Hillary Clinton and Donald Trump are the two most disliked candidates ever to run for president of the United States.
I don't mean perhaps. I mean really. And if they win their party nominations, it will only get worse.
She's widely considered to be a liar, and a bad one. He's considered to be vulgar and crude. She's the American political establishment's Madame Iron PantsSuits pretending to be a progressive, with that Wall Street cash and packs of hot sauce in her purse if she's on black radio and needs to pander.
And he's the economic nationalist short on specifics but long on attitude, the guy in the baseball jacket at the end of the bar at 4 a.m., bellowing about his triumphs. You foolishly let him catch your eye, and he demands to tell you about all the chicks who dig him.
What can stop these people? Here's one thing that won't stop them:
Gaffes were stupid, cringe-worthy comments made by politicians, causing them great embarrassment and hyped by their opponents with glee to drive those negatives even higher.
Since much of the media leans left, gaffes made by Republicans got much play, but occasionally Democrats would be skewered, too, especially if they screamed like a banshee, as did presidential candidate Howard Dean.
And given that Clinton and Trump are held in such low esteem with record-setting negatives, I thought that gaffes would do them in.
But now I wonder if they're blessed with GID, Gaffe Immune Disorder.
Here's the thing. Will the gaffe -- once a staple of American politics -- recede from modern cultural memory like those gender-specific restrooms?
Once gaffes were serious business, as in the 1976 presidential debate between Republican President Gerald Ford and Georgia peanut farmer and future presidential rabbitphobe, Democrat Jimmy Carter.
During their debate, Ford said, rather forcefully, "There is no Soviet domination of Eastern Europe."
Debate moderator Max Frankel of The New York Times couldn't believe what he heard:
"I'm sorry, what? ... did I understand you to say, sir, that the Russians are not using Eastern Europe as their own sphere of influence in occupying most of the countries there and making sure with their troops that it's a communist zone?"
Ford was seized by some stubborn self-destructive impulse and refused to budge. He knew better. He was, after all, the president, but he doubled down. And he insisted that Poland, Romania and what was then Yugoslavia were free from the Soviet grasp.
Ford lost the election. And four years later, Carter lost to the Iranians, and that killer rabbit that scared the heck out of him when he was fishing, and Ronald Reagan.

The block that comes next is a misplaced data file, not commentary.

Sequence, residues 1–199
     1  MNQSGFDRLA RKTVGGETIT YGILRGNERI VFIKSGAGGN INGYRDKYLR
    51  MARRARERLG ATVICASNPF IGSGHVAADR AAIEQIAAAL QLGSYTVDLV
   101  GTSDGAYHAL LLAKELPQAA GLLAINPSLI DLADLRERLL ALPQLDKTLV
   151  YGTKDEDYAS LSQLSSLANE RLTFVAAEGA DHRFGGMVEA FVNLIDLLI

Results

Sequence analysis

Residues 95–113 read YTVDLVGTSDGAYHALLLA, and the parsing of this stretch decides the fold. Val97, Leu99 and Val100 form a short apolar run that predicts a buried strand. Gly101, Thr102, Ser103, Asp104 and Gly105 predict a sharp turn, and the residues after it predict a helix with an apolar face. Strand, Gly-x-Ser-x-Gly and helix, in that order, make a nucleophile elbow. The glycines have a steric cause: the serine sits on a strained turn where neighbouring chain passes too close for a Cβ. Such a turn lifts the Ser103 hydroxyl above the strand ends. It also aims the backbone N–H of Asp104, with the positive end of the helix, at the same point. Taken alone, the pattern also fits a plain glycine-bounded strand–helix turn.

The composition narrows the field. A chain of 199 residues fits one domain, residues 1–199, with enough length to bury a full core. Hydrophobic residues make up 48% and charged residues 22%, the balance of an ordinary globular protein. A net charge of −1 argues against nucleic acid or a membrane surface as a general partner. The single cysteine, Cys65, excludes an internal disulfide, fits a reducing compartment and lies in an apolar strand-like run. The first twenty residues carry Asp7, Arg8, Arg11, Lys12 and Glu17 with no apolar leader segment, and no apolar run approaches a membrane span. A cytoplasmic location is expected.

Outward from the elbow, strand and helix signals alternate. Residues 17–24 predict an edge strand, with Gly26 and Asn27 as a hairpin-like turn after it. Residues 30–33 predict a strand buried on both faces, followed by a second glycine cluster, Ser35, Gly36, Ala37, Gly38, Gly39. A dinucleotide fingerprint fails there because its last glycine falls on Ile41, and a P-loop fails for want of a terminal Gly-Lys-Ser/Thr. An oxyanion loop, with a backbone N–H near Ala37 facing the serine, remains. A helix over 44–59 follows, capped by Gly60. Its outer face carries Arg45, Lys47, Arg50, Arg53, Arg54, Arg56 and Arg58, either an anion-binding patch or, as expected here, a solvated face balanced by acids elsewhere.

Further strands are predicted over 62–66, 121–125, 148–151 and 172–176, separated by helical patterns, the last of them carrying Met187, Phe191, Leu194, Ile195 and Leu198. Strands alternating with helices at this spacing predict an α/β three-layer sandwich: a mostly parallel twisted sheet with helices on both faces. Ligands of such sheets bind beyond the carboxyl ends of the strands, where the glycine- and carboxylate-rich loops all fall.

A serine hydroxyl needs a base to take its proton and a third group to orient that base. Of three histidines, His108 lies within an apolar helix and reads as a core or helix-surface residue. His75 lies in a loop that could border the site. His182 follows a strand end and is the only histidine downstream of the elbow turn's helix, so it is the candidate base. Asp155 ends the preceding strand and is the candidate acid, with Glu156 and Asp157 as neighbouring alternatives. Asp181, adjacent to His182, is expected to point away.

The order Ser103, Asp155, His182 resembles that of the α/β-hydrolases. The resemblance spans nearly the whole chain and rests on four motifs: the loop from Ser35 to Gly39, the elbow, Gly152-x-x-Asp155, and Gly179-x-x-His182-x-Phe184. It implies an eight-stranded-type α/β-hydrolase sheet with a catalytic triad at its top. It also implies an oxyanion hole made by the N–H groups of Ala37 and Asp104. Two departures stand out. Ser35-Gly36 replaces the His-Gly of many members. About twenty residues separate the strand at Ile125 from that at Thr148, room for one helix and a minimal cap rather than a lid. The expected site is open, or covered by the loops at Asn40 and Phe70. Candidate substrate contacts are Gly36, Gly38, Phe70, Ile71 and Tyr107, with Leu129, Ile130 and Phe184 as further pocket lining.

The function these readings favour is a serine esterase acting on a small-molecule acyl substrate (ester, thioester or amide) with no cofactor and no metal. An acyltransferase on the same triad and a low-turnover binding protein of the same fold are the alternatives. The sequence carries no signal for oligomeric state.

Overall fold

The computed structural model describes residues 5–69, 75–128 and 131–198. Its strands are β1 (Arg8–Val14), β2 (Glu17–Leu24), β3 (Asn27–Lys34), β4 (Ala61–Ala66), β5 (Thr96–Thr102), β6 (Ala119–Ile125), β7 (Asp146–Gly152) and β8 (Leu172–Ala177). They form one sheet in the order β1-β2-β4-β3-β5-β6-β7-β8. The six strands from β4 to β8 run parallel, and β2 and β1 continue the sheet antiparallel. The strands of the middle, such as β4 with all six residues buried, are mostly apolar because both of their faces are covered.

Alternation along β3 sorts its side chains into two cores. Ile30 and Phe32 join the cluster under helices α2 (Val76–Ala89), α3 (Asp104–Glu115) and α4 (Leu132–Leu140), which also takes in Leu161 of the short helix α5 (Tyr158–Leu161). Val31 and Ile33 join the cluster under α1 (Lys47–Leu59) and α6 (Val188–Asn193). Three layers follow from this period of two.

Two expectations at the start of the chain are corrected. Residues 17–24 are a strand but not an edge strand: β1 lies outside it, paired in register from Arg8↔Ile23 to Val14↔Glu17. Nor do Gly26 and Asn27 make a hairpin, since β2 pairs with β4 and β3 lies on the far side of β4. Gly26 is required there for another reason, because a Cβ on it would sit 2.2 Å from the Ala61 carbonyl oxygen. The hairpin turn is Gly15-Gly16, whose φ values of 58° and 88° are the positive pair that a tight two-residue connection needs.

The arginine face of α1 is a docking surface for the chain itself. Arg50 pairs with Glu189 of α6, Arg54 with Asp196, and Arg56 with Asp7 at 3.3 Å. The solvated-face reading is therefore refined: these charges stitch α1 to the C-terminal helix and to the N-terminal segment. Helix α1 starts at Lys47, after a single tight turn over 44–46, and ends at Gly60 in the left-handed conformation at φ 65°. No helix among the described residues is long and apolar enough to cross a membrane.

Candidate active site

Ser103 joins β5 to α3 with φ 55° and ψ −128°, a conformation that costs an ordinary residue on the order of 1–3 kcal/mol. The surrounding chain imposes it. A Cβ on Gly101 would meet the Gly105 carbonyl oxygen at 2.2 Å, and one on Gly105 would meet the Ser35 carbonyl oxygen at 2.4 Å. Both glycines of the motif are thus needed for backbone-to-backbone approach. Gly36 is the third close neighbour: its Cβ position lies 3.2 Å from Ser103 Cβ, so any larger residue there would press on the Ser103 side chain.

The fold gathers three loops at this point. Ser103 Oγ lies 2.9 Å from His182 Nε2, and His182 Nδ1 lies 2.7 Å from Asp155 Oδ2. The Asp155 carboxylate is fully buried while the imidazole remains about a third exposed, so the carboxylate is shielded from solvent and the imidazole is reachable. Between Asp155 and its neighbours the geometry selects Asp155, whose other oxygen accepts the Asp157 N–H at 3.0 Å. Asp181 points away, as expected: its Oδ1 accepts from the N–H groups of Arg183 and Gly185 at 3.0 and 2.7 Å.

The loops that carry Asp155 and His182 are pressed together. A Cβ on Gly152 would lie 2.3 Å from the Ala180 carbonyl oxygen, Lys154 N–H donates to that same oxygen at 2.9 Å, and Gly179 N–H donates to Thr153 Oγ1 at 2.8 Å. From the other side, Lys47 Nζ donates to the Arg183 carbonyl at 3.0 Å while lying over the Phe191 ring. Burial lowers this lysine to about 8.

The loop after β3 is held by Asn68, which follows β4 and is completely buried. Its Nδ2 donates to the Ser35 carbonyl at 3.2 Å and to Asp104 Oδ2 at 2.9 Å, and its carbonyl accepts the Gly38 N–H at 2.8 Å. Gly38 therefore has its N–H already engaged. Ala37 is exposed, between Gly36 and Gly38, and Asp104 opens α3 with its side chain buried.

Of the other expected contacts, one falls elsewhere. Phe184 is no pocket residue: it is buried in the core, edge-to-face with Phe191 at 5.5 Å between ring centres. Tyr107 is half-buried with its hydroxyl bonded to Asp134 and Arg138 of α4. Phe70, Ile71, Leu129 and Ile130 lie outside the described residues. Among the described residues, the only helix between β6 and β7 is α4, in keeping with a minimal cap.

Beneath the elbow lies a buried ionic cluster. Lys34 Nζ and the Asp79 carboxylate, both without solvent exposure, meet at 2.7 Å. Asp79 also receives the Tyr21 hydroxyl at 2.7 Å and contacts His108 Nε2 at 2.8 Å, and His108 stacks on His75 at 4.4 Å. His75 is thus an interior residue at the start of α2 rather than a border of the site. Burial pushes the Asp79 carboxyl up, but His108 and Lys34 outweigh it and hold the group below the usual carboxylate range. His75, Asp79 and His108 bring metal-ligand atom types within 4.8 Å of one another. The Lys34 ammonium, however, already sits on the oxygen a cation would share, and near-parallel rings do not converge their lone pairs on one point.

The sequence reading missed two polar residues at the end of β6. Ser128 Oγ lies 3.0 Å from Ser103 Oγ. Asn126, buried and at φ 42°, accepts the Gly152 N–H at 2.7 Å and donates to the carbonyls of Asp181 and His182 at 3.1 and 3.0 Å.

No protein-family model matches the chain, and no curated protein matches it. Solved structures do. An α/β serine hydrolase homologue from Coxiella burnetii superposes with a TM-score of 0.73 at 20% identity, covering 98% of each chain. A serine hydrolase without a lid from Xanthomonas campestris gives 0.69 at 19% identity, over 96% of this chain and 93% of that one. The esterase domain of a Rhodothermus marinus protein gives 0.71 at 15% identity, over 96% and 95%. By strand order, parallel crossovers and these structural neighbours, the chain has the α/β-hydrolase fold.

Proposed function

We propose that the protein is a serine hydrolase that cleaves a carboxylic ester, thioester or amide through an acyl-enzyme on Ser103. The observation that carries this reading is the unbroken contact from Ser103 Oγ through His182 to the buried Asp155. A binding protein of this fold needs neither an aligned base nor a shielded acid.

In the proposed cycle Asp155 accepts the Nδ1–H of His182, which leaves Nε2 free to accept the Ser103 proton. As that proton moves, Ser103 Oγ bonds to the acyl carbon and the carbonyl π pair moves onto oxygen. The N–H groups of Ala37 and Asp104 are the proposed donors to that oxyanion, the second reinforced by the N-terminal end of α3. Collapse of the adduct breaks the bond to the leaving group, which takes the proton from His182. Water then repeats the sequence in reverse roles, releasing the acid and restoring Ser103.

It sure was one hell of a gaffe.
But how do you explain that to today's voters, who've spent the last eight years getting their political news on Comedy Central and watching Trump on "The Apprentice"?
The words "Soviet" and "Yugoslavia" might be as foreign to them as "Cold War" and "mutual assured destruction."
Today's gaffes -- if you can call them that -- are usually of a personal nature. And Trump and Clinton have issued some doozies. But they don't seem to be fazed by them.
Trump, for example, said Sen. John McCain, the Arizona Republican, was not a war hero because McCain, a Navy pilot during the Vietnam War, was shot down and captured by the North Vietnamese.
"He's not a war hero," said Trump of McCain, who was kept as a prisoner in the infamous "Hanoi Hilton." "He's a war hero because he was captured. I like people that weren't captured."
Trump seemed to get away with that one, and many others, and each escape emboldens him. Some are quite rude; others are slips of the tongue. Like the other day, in New York, when he confused the Sept. 11, 2001, terrorist attacks with the 7-Eleven convenience store chain.
"It's very close to my heart because I was down there and I watched our police and our firemen down on 7/11, down at the World Trade Center, right after it came down, and I saw the greatest people I've ever seen in action."
That was a stupid gaffe. But it didn't cost him votes in New York.
There are entire video libraries devoted to Clinton gaffes, some of them because they're not mistakes, per se, but a desperate yearning to believe her own fantasies. Like her insistence that her Libya policy did not cost a single American life.
Perhaps most famous is her great lie about how she heroically faced sniper fire in Bosnia and ran with her head down, a riveting story, except it didn't happen.
"I say a lot of things -- millions of words a day -- so if I misspoke, that was just a misstatement," she said during her 2008 presidential run when confronted about her lie.
Trump says stupid things about women. Clinton says stupid things while pandering to black Democrats, like her line about her packets of hot sauce, or her recent "CP time" skit.
The two candidates keep saying these ridiculous things and getting away with them.
Hillary and Donald may have policy differences. But as public figures, they're very much alike. They're absolutely shameless. And they want to be president.
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